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How do I catch up with service?

post #1 of 12
Thread Starter 
I'm a new intern at a hotel, and I find myself really lacking behind in speed and efficiency as compared to all my chefs. And all I do is the garde manger, sandwiches, salads, desserts, and I'm required to be quick! The chefs are really nice to me, but I am seriously trying to think how to actually speed up. I take about a minute to finish! And the restuarant can do about 700 covers a night, so you can imagine the hell that I have to go through.

Worse of all, the CDP training me said once I am seasoned I will be going to handle the station alone. My internship last for 6 months, and the last thing I want is screw up. When I have loads of tickets coming in, I start to panic. What I worry most is not being able to catch up.

And I'm still really afraid of screwing up orders, so there are times where I had to take out my notebook, and look at the recipes. And this is a major time waster.
post #2 of 12

Time and repetition.

No matter where I go, I am not as fast on my first day as I am on my 60th.

It takes awhile to get your muscle memory, your ability to act without conscious thought.

You care, which is a good place to start.

You should find yourself using your notes less and less as time passes, and your efficiency will increase.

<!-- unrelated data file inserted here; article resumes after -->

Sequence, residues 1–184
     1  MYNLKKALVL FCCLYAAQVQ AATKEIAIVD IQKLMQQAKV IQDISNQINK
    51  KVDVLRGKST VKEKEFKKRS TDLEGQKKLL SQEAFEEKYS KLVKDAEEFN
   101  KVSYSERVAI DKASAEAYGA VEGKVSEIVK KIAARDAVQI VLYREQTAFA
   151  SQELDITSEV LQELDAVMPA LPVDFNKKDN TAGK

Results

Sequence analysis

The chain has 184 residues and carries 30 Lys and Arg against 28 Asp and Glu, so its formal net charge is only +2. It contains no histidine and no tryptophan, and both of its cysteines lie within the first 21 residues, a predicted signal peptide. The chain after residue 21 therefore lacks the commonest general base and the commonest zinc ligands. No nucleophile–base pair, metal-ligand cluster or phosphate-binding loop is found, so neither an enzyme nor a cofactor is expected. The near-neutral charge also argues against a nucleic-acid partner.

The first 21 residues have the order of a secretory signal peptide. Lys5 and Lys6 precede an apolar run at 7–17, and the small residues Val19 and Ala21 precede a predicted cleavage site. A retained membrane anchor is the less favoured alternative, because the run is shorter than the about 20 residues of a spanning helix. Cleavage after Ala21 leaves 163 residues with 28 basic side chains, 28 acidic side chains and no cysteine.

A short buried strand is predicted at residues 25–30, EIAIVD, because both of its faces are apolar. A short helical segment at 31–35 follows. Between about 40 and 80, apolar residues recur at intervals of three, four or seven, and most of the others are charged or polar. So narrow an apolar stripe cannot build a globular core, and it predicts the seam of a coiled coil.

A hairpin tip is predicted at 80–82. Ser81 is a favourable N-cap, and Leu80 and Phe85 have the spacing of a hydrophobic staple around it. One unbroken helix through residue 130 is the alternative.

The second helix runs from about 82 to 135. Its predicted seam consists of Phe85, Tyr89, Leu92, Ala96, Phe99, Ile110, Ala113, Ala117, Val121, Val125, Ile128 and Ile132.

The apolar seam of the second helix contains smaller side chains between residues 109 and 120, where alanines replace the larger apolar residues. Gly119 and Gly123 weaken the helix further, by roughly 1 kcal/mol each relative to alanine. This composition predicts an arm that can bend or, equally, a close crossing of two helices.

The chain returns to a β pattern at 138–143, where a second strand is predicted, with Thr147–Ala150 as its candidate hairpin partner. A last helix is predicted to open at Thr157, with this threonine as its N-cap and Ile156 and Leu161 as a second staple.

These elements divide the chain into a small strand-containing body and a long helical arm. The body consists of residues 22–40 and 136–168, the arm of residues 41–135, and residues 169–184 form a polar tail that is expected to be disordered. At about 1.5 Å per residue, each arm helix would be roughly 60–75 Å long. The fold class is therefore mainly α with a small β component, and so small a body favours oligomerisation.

Hang in there, we've all been there.

Knowledge is knowing a tomato is a fruit. Wisdom is not putting it in a fruit salad.
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Knowledge is knowing a tomato is a fruit. Wisdom is not putting it in a fruit salad.
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post #3 of 12

I agree with Jim, also be sure your station is READY!! nothing will sink you faster than making several  trips to the walk in when you are busy.

Fluctuat nec mergitur
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Fluctuat nec mergitur
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post #4 of 12

Arrange your station according to the menu items.

post #5 of 12

As was said, experience will be the biggest speed booster.  Once the muscle memory takes over, you will start shaving seconds off of the time needed to make any item...you'll be reaching for things before even thinking about them.

 

Some general advice:

 

1)  organization is key.  Some of this will come in time, but other things you might need to think about.  Usually you can have some leeway in how you set up the station, so use that to your advantage.  Keep ingredients for the same item near each other.  Before service, make sure you have everything properly stocked, including appropriate back ups.  Make sure you have all utensils/smallwares needed to work your station, including any backups here as well.  (i.e. have sufficient tongs, ladels, towels, etc..ready to go).